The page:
The Max Planck Society enjoys worldwide recognition for its excellence in research. Since its establishment in 1948, no fewer than 20 Nobel laureates have emerged from the ranks of its scientists. For example, Emmanuelle Charpentier, Scientific and Managing Director of the Max Planck Unit for the Science of Pathogens in Berlin, and Reinhard Genzel, director at the Max Planck Institute for Extraterrestrial Physics in Garching, received the prestigious award in 2020 (Nobel Prize in Chemistry and Physics respectively).
The Max Planck Institutes offer a vibrant, open and international working environment. Not surprisingly, the appeal of the Max Planck Society has spread worldwide. More than half of all the researchers at the Max Planck Society hold a foreign passport, forming a creative cosmos in which interdisciplinary and intercultural concepts and innovative ideas come to bear. This, in turn, ensures the success of the excellent basic research for which the Max Planck Society is renowned.
The Max Planck Society supports outstanding young scientists and researchers, who complete formative years of their careers as student assistants, PhD students, postdocs, or research group leaders at Max Planck Institutes, and who benefit from the knowledge of their internationally networked research mentors.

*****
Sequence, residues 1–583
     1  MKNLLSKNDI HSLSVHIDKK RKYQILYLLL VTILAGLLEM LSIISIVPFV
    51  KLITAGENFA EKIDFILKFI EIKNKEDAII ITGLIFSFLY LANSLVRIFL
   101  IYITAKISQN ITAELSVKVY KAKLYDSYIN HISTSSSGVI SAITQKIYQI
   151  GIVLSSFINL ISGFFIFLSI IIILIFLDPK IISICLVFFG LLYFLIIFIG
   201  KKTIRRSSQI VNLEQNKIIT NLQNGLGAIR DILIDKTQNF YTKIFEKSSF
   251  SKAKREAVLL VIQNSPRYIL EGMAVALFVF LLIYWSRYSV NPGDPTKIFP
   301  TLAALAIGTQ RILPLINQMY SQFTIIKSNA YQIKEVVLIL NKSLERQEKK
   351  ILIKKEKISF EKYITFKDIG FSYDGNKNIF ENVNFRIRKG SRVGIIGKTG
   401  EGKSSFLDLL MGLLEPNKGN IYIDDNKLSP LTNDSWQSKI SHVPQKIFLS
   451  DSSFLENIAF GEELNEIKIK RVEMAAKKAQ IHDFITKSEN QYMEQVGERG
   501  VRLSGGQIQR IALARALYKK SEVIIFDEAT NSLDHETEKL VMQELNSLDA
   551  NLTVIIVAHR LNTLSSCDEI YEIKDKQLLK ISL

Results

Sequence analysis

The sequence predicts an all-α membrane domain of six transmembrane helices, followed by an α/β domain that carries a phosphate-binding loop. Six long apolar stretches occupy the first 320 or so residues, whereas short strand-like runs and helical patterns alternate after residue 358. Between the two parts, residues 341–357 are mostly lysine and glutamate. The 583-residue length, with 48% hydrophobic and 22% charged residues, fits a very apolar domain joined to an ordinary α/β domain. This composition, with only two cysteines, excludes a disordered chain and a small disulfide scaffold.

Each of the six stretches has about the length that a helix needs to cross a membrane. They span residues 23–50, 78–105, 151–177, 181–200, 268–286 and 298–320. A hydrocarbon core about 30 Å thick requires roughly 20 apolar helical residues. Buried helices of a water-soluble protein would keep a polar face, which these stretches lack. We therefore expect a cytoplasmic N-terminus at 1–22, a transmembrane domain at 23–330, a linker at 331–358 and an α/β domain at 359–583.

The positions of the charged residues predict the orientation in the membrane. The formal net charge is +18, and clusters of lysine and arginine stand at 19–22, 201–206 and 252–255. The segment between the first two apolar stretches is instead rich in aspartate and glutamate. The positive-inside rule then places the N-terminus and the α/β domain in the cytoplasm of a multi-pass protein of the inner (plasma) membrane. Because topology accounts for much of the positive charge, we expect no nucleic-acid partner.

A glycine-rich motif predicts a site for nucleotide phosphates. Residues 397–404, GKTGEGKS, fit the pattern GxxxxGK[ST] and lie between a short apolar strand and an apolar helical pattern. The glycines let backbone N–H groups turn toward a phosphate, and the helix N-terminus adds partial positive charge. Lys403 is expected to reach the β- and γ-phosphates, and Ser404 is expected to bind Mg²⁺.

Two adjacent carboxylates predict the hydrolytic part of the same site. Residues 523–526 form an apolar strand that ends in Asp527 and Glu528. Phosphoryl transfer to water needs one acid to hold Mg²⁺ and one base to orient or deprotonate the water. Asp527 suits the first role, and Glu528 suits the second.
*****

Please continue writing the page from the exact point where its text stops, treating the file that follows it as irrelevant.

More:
Optical bench at the Max Planck Institute of Quantum Optics.
24,000 people (researchers, doctoral students, graduates, scholarship holders, visiting researchers and staff) are employed at the Max Planck Society. The MPG’s headquarters are located in Munich.
In all, 86 research institutions belong to the Max Planck Society. They include centres not only in Germany, but also abroad. The institutes have their own budgets and are free to decide on their research projects. Heads of institutes enjoy the best possible working conditions and have complete autonomy in choosing their staff, subject matter and cooperation partners.
86 research institutes and facilities (5 institutes outside Germany)
24,000 employees, including 6,900 researchers, 2,100 visiting researchers, 3,400 doctoral students and 600 scholarship holders
More than half of the researchers come from outside Germany
Annual budget: approx. 2.4 billion euros (2019)
Max Planck Institutes conduct basic research in the interest of the public good. The research fields are:
Some institutes also perform services for university research, providing equipment and facilities to researchers, such as telescopes, large-scale equipment, specialised libraries and documentary resources.
Max Planck Institutes frequently build international networks to create the critical mass for specific research topics. MPG researchers are highly sought-after and appreciated as esteemed research partners worldwide. This is evidenced by the fact that around 16,500 junior and visiting researchers worked at the Max Planck Society on fixed-term contracts of varying lengths during the course of 2019. Additionally, Max Planck Institutes were involved in roughly 3,000 international research projects with more than 6,000 partners in over 120 countries around the world.
As a research partner, the Max Planck Society collaborates with numerous institutes and multinational research facilities outside Germany.
The budget amounts to approx. 2.4 billion euros (2019).
The Max Planck Society is primarily financed by public funds from the Federal Government and the states (Länder). It also receives third-party project funding from public and private bodies as well as the European Union.